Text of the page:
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Friston

Major
Also known as: East Dean / Gayles / RAF Friston
County: East Sussex
Current Status: Farmland
Date: 1930s - 8 April 1946
Current Use: Disused
Used By: RAF / RAF (Belgian) / RAF (Polish) / Civil / RCAF
Landing Surface Types: Unpaved

Friston on the scenic South Downs had one of Britain's slightly more unusual airfield histories, though one no less effective or noteworthy. Its early beginnings are vague: certainly there existed a pre-war civil landing ground which first saw confirmed RAF use during 1936 for an exercise. Four years later the military officially arrived by declaring this place as an Emergency Landing Ground, further but still limited use occurring during 1941 when Friston became a forward airfield for Kenley, though the ELG requirement largely remained.

 

After some development work that winter, Friston fully sprang into action during May 1942 as primarily a fighter airfield. Hawker Hurricanes of Nos 32 and 253 Squadrons arrived next month but the vast majority of squadrons appearing thereafter operated Supermarine Spitfires on a mixture of offensive and defensive patrols with success well into 1944, while all making relatively short stays. Both in the run up to and following D-Day the by now self-accounting and often bombed Friston proved extremely busy. It was not uncommon to see around 100 aircraft residing here at any one time. A number of RAF Regiment squadrons also latterly moved in to especially counter the V-1 missile threat, while the ELG commitment continued too and aircraft as large as RAF Avro Lancasters and USAAF Boeing B-17s surprisingly managed to safely land here.

 

After October 1944 RAF use of Friston very quickly dwindled and no sooner had the Second World War in Europe ended than the airfield was reduced to Care and Maintenance status, eventually being derequisitioned in April 1946. This was not quite the end of flying as the Southdown Gliding Club subsequently stayed with its winch-launched civil gliders until 1955. Today there is hardly any evidence of this airfield's past but it is still remembered, a place which despite some unavoidable limitations on its part played an excellent role in World War Two.

 

The following organisations are either based at, use and/or have at least potentially significant connections with the airfield (as at 01/09/2011):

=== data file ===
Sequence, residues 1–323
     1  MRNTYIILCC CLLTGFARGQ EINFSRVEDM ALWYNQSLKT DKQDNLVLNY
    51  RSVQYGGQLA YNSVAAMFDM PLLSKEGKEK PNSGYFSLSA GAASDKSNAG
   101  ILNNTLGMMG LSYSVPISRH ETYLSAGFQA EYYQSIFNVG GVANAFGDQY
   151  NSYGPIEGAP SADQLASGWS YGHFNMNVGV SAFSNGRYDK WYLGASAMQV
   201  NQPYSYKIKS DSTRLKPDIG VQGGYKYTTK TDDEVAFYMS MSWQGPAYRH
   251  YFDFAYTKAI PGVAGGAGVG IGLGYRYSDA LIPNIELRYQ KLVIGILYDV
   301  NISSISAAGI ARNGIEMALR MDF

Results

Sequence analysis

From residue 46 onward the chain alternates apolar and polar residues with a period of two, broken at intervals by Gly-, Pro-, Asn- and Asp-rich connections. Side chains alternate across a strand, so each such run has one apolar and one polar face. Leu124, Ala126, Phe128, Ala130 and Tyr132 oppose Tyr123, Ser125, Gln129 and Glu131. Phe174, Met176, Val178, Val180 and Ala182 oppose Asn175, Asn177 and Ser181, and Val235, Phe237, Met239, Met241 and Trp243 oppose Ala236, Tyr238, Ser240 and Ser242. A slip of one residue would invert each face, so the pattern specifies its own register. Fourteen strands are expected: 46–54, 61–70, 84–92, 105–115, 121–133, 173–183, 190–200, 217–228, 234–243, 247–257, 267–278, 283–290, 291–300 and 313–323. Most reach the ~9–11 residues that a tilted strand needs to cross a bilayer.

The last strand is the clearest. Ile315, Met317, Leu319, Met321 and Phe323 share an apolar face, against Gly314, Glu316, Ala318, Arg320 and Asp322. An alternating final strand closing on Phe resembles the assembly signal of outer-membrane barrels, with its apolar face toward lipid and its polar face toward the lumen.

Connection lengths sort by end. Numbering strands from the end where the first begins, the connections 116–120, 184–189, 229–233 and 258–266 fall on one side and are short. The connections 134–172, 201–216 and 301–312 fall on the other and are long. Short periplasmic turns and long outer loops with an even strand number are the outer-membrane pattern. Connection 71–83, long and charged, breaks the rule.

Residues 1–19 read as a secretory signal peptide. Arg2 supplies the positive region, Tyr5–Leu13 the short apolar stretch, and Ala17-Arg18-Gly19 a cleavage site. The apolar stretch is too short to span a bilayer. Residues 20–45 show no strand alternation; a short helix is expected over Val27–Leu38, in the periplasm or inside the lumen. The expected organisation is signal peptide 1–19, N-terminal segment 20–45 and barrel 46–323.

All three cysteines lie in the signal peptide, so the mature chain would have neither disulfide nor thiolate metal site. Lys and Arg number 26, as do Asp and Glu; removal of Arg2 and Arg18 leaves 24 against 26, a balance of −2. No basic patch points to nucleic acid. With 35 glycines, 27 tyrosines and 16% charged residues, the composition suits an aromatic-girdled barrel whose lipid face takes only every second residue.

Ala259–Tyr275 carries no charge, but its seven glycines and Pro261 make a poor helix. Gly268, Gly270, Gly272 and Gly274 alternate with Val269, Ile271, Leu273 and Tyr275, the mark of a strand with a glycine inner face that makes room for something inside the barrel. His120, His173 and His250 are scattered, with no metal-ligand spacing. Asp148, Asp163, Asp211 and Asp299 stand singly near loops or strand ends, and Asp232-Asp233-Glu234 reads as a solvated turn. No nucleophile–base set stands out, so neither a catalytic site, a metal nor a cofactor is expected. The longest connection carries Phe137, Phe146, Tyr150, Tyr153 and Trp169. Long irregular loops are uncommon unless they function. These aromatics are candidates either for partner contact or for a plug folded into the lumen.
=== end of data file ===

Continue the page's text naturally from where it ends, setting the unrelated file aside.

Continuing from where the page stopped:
• Cuckmere Valley Parish Council
  • East Dean & Friston Local History Group
  • East Dean & Friston Parish Council
  • National Trust
  • St Mary the Virgin Church, Friston



               

Main unit(s) present:

  • No 7 Fighter Command Servicing Unit

  • No 32 Sqn

  • No 41 Sqn

  • No 64 Sqn

  • No 131 Sqn

  • No 253 Sqn

  • No 306 Sqn

  • No 308 Sqn

  • No 316 Sqn

  • No 349 Sqn

  • No 350 Sqn

  • No 411 Sqn

  • No 412 Sqn

  • No 501 Sqn

  • No 610 Sqn

  • No 666 Sqn

  • No 2720 Sqn RAF Regiment
  • No 2727 Sqn RAF Regiment
  • No 2751 Sqn RAF Regiment
  • No 2762 Sqn RAF Regiment
  • No 2792 Sqn RAF Regiment
  • No 2793 Sqn RAF Regiment
  • No 2803 Sqn RAF Regiment
  • No 2807 Sqn RAF Regiment
  • No 2846 Sqn RAF Regiment
  • No 2851 Sqn RAF Regiment
  • No 4065 Anti-Aircraft Flight RAF Regiment
  • ASR Flight

  • Southdown GC

Photographs and video from the unveiling of the ABCT memorial marker on 5 September 2015:

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IWM (CH 12434).jpg

No 349 (Belgian) Squadron Supermarine Spitfires at Friston during the Second World War. © IWM (CH 12434)

IWM (CE 128).jpg

A damaged de Havilland Mosquito at Friston after being hit by anti-aircraft fire over France on 21 February 1944. © IWM (CE 128)

IWM (CH 12726A).jpg

A Supermarine Spitfire at Friston during the Second World War. © IWM (CH 12726A)

geograph-3750916-by-Simon-Carey.jpg

Remains of the airfield at Friston, 16 November 2013. © Simon Carey and licensed for reuse under this Creative Commons Licence

geograph-3747136-by-Simon-Carey.jpg

Looking across the former runway at Friston, 10 November 2013. © Simon Carey and licensed for reuse under this Creative Commons Licence

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